For the Baptists, the new life in Christ through the Spirit, rather than justification by faith is the center of New Testament teaching. The presence of the Spirit in repentant believers is foremost, and the life which they exhibit is prior to everything else. It is not the word of God as found in the Bible, but the experience of Christ’s presence which is the foundation of the church.

It was this insistence upon the church as a community of the new life, modeled on the New Testament, which led to the Baptist view of baptism.

We are not regenerated because we have been baptized…but we are baptized because we have been regenerated by faith and the Word of God I Peter 1:23). Regeneration is not the result of Baptism, but Baptism is the result of regeneration. This indeed not be controverted by any man, or disproved by the Scriptures. [1]

Consequently, baptism is a sign and a proof that one believes in forgiveness of sins and a new life in Christ. It is not a means of achieving either forgiveness or a new life, but rather an expression of the acceptance of both.

Such a view of baptism naturally demands believers who have reached some degree of consciousness and maturity. The founders of Baptist tradition did not accept Luther’s concept of infant faith as they had already rejected the Catholic notion of grace conferred ex opere operato, where baptism takes its effect in virtue of the ritual performed even on a child a few days after birth. By their definition infant baptism is meaningless. Moreover, it violates two criteria of the church: The voluntary nature of faith and the New Testament pattern. It places the cart before the horse. Baptism should follow faith, not precede it. Baptism is not a channel of grace; it is a visible sign that grace is already present.

All of this is neatly summarized in two classic statements of the Baptist faith, the Philadelphia Confession of 1688 and the New Hampshire Confession of 1833—both normative for American Baptists.

Baptism is an ordinance of the New Testament ordained by Jesus Christ to be unto the party baptized a sign of his fellowship with him in his death and resurrection; of his being engrafted into him; of remission of sins; and of his giving up unto God, through Jesus Christ, to live and walk in newness of life.
Those who do actually profess repentance towards God, fiat in and obedience to our Lord Jesus, are the only proper subjects of this ordinance. [2]
We believe that Christian Baptism is the immersion in water of a believer, into the name of the Father, and Son and Holy Ghost; to show forth, in a solemn and beautiful emblem, our faith in the crucified , buried, and risen Savior, with its effect in our death to sin and resurrection to a new life. [3]

Variations on the basic theme of believers’ baptism have always been within the limits set by these confessions of faith. If Baptists are re-examining this teaching in modern times, it is only because, true to their spirit of open inquiry, they are reassessing their concept of the church itself. This is part of the miracle of the ecumenical movement. We shall come back to it after seeing what the Catholic Church believes about confirmation and how Catholics perhaps can learn from one important element in the Free Church tradition.

III. The Sacrament of Confirmation

As a prelude to giving a synopsis of Catholic belief on confirmation, it may be useful briefly to explain what the church teaches about the sacraments in general, and also about baptism in particular. Catholicism begins with Paul’s comparison of the church with a body; indeed, he calls it the body of Christ. His letters to the Romans, Corinthians, Ephesians and Colossians are the main source of the Pauline Doctrine.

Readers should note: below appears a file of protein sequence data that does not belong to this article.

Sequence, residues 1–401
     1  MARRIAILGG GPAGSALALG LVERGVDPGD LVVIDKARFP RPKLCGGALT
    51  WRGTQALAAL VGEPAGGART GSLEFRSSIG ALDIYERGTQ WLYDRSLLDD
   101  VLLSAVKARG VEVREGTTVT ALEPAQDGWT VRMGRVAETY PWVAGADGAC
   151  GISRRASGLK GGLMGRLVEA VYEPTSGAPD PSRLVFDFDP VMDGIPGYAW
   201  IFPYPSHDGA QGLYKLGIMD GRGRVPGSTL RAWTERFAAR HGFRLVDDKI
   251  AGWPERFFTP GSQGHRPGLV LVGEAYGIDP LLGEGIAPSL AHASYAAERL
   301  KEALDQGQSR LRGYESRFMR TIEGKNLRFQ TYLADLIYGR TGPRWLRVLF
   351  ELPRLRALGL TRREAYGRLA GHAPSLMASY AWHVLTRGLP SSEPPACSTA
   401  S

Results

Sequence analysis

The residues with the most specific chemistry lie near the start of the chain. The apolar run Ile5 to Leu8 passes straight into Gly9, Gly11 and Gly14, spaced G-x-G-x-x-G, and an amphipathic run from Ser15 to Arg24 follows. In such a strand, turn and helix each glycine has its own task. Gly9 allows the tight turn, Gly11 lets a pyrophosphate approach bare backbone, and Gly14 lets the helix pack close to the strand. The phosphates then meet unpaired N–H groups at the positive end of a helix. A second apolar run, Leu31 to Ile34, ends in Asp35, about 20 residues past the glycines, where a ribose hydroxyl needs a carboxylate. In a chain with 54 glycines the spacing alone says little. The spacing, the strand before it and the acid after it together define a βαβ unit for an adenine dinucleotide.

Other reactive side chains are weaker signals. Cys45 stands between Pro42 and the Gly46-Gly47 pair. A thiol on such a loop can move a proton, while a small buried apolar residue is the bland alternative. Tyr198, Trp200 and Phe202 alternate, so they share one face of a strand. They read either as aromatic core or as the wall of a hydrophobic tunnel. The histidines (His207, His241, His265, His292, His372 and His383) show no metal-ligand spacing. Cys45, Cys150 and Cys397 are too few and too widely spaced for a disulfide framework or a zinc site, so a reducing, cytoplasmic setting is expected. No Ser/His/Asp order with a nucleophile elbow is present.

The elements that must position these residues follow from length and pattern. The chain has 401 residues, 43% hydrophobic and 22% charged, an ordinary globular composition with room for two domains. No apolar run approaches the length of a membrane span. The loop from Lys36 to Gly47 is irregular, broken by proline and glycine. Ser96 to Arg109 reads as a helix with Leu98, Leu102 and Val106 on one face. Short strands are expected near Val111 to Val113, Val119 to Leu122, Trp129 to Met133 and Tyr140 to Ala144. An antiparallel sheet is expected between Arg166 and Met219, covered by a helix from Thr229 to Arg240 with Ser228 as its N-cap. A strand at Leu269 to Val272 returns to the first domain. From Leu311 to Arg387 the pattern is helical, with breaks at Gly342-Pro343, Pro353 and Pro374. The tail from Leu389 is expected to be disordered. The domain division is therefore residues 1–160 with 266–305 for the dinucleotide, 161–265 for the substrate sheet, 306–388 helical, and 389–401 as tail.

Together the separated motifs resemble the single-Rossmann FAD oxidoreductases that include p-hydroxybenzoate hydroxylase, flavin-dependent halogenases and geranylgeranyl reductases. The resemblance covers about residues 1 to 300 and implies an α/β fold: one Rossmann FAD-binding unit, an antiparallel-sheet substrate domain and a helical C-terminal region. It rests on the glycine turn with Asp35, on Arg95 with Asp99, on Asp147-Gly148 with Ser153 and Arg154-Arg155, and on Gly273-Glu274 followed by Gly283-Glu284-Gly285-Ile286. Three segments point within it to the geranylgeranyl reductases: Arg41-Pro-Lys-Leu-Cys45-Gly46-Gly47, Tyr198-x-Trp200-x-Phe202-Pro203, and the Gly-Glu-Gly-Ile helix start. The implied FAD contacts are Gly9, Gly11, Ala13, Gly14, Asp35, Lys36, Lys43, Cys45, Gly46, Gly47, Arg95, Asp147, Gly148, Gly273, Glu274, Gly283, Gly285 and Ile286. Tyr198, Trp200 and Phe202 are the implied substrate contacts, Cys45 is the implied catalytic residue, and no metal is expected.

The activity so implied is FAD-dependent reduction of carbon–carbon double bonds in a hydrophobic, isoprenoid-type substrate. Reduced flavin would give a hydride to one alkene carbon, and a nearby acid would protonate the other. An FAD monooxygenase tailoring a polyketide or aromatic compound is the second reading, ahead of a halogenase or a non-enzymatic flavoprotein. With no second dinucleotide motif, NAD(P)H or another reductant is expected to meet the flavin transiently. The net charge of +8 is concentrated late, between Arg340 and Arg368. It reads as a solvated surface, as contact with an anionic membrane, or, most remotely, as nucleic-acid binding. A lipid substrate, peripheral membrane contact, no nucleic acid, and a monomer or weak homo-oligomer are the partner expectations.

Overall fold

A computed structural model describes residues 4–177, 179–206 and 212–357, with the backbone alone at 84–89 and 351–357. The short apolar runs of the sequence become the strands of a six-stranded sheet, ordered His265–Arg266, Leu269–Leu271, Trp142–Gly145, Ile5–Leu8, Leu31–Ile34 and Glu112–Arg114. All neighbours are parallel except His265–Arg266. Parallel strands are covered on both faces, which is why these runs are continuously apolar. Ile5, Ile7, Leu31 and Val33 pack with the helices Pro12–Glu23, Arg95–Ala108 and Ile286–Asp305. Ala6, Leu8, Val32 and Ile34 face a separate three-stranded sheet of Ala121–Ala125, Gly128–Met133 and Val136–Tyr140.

When urging the Romans to humility and concord, he tells them, “For as in one body we have many members, and all the members do not have the same function, so we, though many, are one body in Christ, and individually members one of another” (Rom. 12:4f.). The Corinthians are exhorted to the practice of charity because “you are the body of Christ and individually members of it” (I Cor. 12:27). In his eulogy to the Ephesians on the dignity of Christ, he says that God “has put all things under his feet and has made him the head over all this for the church, which is his body, the fullness of him who fills all in all” (Eph. 1:22). And to the Colossians the Savior is described as “the head of the body, the church; he is the beginning, the first-born from the dead, that in everything he might be preeminent.” Consequently, Paul is happy in the sufferings he now endures, since “in my flesh I complete what remains of Christ’s afflictions for the sake of his body, that is, the church” (Col. 1:18, 24).

The body which Paul identified with the church is a living entity. Like every organism it requires suitable means to enter into life, to grow and mature and prosper according to its nature.

Similarly the Savior of mankind out of His infinite goodness has provided in a wonderful way for His Mystical Body, endowing it with the sacraments, so that, as though by an uninterrupted series of graces, its members should be sustained from birth to death, and that generous provision be made for the social needs of the Church. [4]

Leading this series of graces is the sacrament of baptism, called “the door of the church: because it is the only way that a person can become an actual member of the Mystical Body on earth. As defined by the Council of Florence, which sought the reunion of the Orientals,

Holy Baptism holds the first place among all the sacraments because it is the door of the spiritual life. By it we are made members of Christ and of His Body, the Church. And since through the first man death has come to all men, unless we are reborn of water and the Holy Spirit, we cannot enter into the kingdom of heaven. [5]